Grain Elevator – North Battleford, Saskatchewan

May 2016– As we travelled across Saskatchewan the challenge was to photograph Grain Elevators.  I was looking for the wooden grain elevators, known as the prairie icons, prairie cathedrals or prairie sentinels that were not always clearly visible from the Trans Canada Highway.  Now that I am home, and researching about the elevators I have learned that in the 1930’s they numbered close to 6,000 on the prairie landscape.

The heritage value of the Saskatchewan Wheat Pool Elevator is listed as:

  • those elements that reflect the use of the elevator and annex for grain handling, including machinery for weighing, elevating and cleaning grain
  • those elements that reflect grain elevator architecture including its wood crib-type construction, wood siding, and the “sloping shoulder” profile of the elevator building
  • siting of the elevator and annex in their original location adjacent to the railway right of way.

The logistical problem of getting the grain into railway boxcars was first addressed by farmers shoveling their grain into two-bushel sacks, and then transporting to a loading platform along the rail line.  They then emptied the sacks into a waiting boxcar, both back-breaking and time-consuming.  The industry needed a means of storing and shipping the grain quickly, and small, one-storey wood frame warehouses erected by the farmers was inefficient.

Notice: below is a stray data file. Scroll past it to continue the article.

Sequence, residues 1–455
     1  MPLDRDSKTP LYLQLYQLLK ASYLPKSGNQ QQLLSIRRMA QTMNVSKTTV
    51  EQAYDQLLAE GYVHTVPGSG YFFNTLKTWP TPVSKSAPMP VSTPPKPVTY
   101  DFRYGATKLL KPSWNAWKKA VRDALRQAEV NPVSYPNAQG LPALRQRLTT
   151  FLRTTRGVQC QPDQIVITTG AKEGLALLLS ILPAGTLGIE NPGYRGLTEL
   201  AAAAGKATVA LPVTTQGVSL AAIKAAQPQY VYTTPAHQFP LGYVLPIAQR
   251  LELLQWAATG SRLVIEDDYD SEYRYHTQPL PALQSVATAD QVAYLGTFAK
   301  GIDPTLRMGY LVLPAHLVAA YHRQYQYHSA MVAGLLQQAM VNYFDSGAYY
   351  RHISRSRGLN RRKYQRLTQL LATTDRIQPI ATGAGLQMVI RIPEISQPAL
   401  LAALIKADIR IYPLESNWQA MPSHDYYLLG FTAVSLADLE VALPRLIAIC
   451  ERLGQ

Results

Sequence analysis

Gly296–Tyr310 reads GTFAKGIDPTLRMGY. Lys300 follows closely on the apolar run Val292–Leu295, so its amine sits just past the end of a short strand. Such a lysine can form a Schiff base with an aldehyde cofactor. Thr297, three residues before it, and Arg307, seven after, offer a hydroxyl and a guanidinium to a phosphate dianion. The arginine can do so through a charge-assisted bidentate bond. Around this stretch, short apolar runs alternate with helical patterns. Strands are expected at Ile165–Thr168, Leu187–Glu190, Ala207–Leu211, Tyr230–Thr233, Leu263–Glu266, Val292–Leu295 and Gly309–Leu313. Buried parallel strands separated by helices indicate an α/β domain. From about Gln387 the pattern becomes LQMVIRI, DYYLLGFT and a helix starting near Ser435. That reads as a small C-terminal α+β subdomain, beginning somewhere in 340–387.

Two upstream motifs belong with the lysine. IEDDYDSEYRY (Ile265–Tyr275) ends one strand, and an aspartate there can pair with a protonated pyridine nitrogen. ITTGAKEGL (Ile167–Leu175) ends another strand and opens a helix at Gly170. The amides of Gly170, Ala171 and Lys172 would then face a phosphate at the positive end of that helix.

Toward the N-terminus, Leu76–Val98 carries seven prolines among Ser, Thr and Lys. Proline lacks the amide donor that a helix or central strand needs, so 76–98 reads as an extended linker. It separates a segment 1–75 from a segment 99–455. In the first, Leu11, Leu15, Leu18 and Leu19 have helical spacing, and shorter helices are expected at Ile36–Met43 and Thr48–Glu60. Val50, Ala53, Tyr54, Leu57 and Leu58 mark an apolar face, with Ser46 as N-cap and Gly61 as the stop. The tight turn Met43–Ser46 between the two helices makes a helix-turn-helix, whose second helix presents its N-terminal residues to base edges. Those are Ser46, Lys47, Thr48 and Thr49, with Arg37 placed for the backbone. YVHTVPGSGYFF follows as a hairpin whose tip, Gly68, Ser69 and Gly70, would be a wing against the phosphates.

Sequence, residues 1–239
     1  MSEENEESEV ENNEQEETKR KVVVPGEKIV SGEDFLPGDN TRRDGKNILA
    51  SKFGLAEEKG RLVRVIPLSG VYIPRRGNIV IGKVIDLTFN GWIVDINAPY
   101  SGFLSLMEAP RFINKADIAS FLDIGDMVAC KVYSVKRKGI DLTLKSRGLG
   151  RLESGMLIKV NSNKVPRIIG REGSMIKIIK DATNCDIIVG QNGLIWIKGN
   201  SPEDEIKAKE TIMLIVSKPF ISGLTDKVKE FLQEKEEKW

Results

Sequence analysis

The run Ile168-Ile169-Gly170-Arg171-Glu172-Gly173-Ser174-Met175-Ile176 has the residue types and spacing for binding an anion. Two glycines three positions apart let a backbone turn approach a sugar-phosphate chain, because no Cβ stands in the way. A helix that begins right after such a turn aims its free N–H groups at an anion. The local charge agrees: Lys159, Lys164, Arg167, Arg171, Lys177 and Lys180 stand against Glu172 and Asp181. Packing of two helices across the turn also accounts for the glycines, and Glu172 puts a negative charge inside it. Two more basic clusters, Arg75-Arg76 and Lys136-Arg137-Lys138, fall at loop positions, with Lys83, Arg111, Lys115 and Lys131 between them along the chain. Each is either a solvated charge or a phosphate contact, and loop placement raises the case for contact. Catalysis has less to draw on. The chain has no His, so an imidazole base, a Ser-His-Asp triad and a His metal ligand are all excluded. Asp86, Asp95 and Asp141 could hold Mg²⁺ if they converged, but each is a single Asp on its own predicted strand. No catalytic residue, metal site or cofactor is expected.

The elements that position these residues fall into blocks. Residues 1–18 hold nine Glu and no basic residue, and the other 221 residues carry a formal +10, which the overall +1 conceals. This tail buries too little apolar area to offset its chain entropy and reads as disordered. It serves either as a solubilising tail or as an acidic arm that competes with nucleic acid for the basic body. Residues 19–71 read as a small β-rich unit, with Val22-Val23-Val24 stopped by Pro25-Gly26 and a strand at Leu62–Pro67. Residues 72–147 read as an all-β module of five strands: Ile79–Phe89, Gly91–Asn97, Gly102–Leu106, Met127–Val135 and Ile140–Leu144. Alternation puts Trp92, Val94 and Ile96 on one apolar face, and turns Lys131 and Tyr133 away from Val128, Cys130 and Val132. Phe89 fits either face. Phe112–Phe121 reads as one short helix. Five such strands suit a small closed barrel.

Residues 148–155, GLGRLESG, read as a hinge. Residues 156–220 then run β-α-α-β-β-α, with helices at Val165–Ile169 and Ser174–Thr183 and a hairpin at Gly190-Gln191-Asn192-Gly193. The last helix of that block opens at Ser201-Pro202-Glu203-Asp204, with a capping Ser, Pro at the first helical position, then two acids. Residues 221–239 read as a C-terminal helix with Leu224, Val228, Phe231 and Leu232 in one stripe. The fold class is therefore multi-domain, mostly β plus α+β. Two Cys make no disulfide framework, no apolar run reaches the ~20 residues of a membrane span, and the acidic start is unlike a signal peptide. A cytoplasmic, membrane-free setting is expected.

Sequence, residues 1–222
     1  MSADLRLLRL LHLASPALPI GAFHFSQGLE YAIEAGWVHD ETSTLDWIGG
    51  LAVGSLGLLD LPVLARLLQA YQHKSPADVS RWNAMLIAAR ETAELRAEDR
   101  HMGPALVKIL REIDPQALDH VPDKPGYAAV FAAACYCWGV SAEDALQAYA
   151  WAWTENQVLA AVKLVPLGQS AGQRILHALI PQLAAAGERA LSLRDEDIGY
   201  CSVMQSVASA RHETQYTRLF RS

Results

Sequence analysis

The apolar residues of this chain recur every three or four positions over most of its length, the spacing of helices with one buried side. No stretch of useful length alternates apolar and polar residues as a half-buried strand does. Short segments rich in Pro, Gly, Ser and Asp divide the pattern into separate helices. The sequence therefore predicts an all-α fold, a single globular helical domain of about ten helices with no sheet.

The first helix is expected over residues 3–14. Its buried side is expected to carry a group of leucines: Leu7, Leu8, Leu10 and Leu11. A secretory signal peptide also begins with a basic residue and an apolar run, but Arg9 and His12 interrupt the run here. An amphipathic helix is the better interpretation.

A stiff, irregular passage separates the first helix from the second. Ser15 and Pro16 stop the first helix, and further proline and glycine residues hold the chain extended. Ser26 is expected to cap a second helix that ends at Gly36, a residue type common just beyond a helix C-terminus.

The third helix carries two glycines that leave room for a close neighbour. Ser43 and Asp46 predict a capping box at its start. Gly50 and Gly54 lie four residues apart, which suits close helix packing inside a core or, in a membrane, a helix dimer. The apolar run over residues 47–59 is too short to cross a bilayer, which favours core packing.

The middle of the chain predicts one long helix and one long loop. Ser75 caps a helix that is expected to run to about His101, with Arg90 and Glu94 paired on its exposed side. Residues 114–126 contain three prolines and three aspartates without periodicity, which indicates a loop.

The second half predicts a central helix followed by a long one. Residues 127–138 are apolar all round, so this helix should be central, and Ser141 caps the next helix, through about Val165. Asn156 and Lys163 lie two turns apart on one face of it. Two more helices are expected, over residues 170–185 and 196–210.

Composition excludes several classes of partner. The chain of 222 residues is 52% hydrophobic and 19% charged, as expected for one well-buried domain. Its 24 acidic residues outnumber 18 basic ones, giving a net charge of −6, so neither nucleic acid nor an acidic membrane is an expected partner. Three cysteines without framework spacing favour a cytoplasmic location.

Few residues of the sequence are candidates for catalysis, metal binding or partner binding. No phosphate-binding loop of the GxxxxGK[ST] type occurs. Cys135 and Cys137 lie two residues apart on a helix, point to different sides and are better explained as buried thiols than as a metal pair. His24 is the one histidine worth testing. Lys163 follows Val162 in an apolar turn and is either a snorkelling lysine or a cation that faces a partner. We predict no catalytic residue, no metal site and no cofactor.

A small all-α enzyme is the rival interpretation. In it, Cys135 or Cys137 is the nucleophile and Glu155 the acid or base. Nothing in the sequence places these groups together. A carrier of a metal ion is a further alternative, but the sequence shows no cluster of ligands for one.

The Canadian Pacific Railway (CPR) was actively promoting larger, vertical warehouses.  To elevate the grain, a mechanism known as the “leg” was devised an endless belt with cups or scoops attached.  By offering free land rental the railway encouraged private companies to build the standard 25,000 bushel elevator complete with a leg driven by a steam or gasoline engine as well as equipment to clean the grain.  Until the early 1960’s the grain elevators were painted red- the corporate colours of CPR. It was the leg that gave grain elevators their name, determined their shape and set the standards for the uniformity and landscape icon.

As our two day drive progressed across Saskatchewan and as we passed small farming towns, I would look for the train tracks, and then suggest that we head into the town to find the historic grain elevator.  The Methodology proved successful, as I now have a portfolio of photographs of elevators.  I now understand the workings of a Grain Elevator, and know the engine/office is located at the top of the elevator.  I still question the reason for the shape.  Why in the wooden grain elevators is the engine in a structure that resembles a “house” with a pitched roof?






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